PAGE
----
Researchers awarded funding to develop reusable facemasks to help meet PPE shortfall

Article by Amanda Jasi

RESEARCHERS at the University of Cincinnati (UC), US, have been awarded about US$200,000 in funding for a project to develop a reusable mask for medical workers and others which can be disinfected using heat while being worn.

According to researchers Vesselin Shanov and Soryong Chae, there is a significant shortage of personal protective equipment (PPE) – especially facemasks – in the US due to the coronavirus pandemic. Shanov is a Professor of Chemical Engineering at UC, and Chae is an Assistant Professor of Environmental Engineering. The researchers add that per Covid-19 patient, medical personnel use an average of 17 facemasks per day.

Joseph Fuqua II/UC Creative + Brand
Vesselin Shanov, Professor of Chemical Engineering, displays the carbon nanotubes he created in his lab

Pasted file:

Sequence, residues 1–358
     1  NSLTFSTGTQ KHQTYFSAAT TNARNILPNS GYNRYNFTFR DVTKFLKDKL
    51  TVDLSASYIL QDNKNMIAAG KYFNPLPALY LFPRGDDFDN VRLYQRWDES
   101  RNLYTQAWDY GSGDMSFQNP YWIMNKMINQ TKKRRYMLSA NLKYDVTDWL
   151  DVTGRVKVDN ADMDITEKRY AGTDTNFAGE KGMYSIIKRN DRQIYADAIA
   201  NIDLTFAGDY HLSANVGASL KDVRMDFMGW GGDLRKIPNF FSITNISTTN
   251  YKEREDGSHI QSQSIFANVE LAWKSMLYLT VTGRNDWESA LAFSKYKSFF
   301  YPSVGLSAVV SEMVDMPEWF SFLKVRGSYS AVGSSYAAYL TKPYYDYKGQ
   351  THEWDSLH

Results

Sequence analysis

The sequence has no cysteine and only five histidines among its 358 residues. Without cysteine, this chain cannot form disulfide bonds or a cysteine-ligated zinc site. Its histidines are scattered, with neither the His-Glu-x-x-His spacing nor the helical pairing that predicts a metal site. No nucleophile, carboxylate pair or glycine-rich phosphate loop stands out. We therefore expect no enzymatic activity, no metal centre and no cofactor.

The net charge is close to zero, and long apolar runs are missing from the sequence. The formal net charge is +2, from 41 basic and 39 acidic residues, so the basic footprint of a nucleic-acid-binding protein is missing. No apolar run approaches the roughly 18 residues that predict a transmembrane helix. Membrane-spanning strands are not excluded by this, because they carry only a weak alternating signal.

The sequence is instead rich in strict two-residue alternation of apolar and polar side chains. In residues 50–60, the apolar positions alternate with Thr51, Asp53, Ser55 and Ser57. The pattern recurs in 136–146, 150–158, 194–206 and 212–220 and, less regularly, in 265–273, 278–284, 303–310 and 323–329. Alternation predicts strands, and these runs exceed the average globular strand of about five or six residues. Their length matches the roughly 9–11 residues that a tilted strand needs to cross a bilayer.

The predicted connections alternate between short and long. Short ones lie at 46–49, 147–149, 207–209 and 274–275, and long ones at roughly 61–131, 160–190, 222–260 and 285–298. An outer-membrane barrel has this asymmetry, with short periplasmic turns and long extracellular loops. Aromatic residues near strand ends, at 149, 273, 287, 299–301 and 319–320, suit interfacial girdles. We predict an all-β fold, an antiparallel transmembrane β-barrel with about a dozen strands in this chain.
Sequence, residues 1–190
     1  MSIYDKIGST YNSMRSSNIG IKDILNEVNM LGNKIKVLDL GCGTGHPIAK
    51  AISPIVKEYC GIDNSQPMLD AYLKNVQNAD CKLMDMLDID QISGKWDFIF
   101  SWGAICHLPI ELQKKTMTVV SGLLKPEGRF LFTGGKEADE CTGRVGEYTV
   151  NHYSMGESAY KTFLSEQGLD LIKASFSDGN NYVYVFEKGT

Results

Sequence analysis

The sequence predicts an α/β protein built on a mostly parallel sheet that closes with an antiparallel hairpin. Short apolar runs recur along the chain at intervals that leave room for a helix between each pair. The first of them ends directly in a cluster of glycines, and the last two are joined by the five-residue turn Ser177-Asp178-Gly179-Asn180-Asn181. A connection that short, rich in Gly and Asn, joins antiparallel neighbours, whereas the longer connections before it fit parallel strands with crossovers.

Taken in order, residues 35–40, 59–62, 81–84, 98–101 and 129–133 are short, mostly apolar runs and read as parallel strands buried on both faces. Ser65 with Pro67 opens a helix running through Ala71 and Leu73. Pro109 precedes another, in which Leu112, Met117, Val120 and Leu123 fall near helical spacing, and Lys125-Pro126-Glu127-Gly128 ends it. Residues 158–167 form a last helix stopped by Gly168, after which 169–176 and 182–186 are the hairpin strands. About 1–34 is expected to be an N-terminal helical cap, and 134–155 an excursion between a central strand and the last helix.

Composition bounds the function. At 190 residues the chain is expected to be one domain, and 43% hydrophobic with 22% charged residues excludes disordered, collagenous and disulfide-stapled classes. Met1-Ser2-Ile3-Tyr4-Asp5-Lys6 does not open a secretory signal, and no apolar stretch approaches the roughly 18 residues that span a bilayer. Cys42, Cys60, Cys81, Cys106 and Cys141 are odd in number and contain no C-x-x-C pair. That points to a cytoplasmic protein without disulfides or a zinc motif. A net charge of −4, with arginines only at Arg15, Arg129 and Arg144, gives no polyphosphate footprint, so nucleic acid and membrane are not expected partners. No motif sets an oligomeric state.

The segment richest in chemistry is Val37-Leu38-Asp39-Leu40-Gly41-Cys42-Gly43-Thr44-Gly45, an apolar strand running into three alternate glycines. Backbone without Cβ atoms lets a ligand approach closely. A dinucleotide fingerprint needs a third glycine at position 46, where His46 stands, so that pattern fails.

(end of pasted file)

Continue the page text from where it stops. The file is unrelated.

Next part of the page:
The multidisciplinary team at UC is working to design a prototype of a face mask that could be heated to kill viruses caught on the mask’s surface. The team plans to use a thin, breathable film made from engineered carbon nanomaterials as a heatable filter that can be retrofitted onto the outer surface of a commercial mask to prevent a buildup of infectious pathogens.

A portable battery or a mobile phone would provide the power to heat and disinfect the filter, which would be thermally insulated from skin. This could allow disinfection to occur while the mask is being worn.

An initial prototype has already been developed which will be optimised and tested for breathability and inactivation.

The funding for this project was awarded by the US National Science Foundation which funds basic research at US colleges and universities.

Article by Amanda Jasi

Staff Reporter, The Chemical Engineer

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